PoetryExplorer is Unique
Your Free Poetry Website
With over 140,000 full text poems, PoetryExplorer is the largest collection of classic and contemporary poetry in any medium. And it is FREE to all users! Poems are analyzed for subject content and for similarity and possible connection to other poems in the collection. As a result, PoetryExplorer provides several unique and important uses:
1. Subject Access
You have Subject Access to more than 10,000 distinct subject headings that can be searched. In the tab Subject Discovery, specific subjects are arranged in general categories so as to facilitate “drill down” searches. For example, enter People on the top level of the search, and it produces a list of secondary groups, including Military Figures, where you will get poems for over 260 military personages.
2. Rhyme Finder
Rhyme Finder is a rhyming dictionary which locates rhymed lines within poems with full text of the poems provided. This is a useful tool for locating poems with particular rhyming sequences, for discovering unique rhyme usage, and for aiding the construction of new poems.
ENTER WORD FOR RHYMING
3. Poems of Interest
Each searched poem result will list other poems in the collection which are relevant. We hope you find this feature particularly useful as you explore ideas and themes, further expanding your reach into poetry. When searching, you can choose to select by keyword, author, or title, and a list of relevant poems will populate. To expand the full poem, click the “Poem Text” link next to the title.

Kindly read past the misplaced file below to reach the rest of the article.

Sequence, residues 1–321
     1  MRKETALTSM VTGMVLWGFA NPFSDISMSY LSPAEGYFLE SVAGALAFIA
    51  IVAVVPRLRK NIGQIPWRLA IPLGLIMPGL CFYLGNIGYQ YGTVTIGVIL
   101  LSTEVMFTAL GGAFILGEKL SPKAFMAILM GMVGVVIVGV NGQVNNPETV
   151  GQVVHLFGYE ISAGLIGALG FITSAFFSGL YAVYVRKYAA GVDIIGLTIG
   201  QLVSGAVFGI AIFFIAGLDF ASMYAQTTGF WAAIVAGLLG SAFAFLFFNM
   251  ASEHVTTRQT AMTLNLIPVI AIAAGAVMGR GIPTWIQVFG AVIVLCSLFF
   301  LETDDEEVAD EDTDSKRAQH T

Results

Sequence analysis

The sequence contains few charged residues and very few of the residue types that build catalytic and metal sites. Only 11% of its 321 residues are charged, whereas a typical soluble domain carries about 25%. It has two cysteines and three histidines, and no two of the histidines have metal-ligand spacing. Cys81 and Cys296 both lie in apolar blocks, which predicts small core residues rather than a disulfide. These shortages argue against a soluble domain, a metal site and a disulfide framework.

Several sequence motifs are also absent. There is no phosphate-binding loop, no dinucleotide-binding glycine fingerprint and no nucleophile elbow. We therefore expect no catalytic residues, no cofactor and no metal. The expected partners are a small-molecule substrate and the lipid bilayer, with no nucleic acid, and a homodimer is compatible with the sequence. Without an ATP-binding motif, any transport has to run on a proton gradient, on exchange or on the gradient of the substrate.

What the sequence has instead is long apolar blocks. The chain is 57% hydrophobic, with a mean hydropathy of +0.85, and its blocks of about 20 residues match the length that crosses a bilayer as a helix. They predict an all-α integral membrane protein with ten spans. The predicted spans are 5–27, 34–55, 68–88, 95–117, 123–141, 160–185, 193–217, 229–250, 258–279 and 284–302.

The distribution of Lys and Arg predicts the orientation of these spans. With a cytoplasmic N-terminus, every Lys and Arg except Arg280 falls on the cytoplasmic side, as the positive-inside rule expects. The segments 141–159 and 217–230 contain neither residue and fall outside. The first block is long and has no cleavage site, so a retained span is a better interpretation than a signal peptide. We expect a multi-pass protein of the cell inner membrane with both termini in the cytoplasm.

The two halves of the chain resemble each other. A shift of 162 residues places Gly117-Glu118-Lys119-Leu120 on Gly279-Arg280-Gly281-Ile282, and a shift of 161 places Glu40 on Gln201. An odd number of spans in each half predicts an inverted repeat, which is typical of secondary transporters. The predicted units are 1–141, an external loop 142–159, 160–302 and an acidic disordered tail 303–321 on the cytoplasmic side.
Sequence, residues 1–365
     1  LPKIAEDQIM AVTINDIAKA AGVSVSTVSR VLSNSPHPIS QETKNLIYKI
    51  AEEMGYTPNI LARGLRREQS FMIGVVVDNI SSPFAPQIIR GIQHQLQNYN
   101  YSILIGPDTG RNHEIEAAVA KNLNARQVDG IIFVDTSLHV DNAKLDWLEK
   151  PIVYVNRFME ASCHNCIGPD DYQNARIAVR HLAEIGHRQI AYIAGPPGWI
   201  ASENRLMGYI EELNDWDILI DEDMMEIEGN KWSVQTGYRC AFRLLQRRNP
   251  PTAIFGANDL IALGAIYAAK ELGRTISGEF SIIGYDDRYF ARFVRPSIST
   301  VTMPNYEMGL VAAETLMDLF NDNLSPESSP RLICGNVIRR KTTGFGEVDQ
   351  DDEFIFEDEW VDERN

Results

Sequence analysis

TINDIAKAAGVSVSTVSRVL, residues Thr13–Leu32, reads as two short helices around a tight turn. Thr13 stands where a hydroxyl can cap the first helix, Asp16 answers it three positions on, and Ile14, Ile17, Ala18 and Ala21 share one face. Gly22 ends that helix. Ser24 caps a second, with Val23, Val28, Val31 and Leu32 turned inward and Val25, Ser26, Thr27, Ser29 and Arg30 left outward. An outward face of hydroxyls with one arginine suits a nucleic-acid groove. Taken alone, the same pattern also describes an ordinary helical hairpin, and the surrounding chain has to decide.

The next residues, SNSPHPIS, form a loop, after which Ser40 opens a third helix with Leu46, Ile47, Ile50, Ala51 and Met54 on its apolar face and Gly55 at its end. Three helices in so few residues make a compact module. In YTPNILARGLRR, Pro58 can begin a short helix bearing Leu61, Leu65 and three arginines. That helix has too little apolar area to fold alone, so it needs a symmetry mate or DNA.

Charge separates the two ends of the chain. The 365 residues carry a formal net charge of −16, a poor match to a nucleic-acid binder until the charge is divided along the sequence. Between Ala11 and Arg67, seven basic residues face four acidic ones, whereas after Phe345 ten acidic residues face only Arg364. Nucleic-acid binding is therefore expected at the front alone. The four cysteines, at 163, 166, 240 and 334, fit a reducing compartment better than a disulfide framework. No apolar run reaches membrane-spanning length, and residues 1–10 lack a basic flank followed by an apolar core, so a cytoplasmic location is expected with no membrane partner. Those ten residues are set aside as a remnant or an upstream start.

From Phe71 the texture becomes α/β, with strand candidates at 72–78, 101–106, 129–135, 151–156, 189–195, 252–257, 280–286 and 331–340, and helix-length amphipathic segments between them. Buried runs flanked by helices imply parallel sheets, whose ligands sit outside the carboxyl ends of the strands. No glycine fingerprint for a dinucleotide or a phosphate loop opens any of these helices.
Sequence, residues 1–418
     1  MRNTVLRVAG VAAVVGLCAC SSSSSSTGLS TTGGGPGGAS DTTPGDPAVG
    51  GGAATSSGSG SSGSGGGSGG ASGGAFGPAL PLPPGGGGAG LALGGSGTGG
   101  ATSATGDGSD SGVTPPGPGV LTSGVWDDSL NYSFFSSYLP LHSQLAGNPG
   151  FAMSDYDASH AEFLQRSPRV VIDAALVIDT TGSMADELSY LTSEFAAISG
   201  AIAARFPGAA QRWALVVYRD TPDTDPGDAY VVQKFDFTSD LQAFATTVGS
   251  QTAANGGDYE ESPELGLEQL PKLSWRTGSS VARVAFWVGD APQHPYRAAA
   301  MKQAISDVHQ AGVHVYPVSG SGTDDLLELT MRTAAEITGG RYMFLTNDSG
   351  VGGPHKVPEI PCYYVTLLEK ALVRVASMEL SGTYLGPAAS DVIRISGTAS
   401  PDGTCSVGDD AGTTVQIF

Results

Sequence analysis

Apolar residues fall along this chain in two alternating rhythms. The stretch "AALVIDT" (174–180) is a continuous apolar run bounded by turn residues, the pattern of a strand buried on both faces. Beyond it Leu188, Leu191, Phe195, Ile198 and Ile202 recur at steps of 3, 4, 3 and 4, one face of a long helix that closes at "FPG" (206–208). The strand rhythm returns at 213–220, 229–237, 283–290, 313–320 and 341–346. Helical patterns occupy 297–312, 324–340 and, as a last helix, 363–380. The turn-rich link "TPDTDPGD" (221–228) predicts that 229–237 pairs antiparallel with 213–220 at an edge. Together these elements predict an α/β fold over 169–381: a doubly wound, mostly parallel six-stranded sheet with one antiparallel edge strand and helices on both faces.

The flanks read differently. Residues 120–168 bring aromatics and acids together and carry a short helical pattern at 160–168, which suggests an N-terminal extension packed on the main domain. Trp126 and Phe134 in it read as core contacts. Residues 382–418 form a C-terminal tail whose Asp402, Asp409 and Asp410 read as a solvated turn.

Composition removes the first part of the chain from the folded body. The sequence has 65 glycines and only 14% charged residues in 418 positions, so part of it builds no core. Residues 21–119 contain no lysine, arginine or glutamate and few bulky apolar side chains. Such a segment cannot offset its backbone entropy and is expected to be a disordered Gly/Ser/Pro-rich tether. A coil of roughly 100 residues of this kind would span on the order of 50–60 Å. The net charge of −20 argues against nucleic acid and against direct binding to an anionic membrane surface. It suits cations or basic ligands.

Top Ten Poems
- Some Ladies Dress in Muslin Full and White. Christine Georgina Rossetti
- The Little Plant. Kate Louise Brown
- The Book of the Dead: He Walketh By Day. Anonymous
- The First-Rate Wife. Cornelius Whur
- The River. Caroline anne Bowles Southey
- The Ruins of Lo-Yang. Ts’ao Chih
- The Beggar Woman. William King
- Non-Combatants. Evelyn Underhill
- The Failure. Merle Kulow Sherrill
- Slumber-Songs of the Madonna. Alfred Noyes.
Why Poetry? / History of Poetry
There is no doubt that the many people are firmly convinced that they do not care for poetry. They have no use for it, they tell you. Either it bores them, as a fantastic, high-flown method of saying something that, to their way of thinking, could be better said in plain prose, or they look upon it as the sentimental nonsense of the moonstruck, lovesick young; a kind of intellectual “candy.”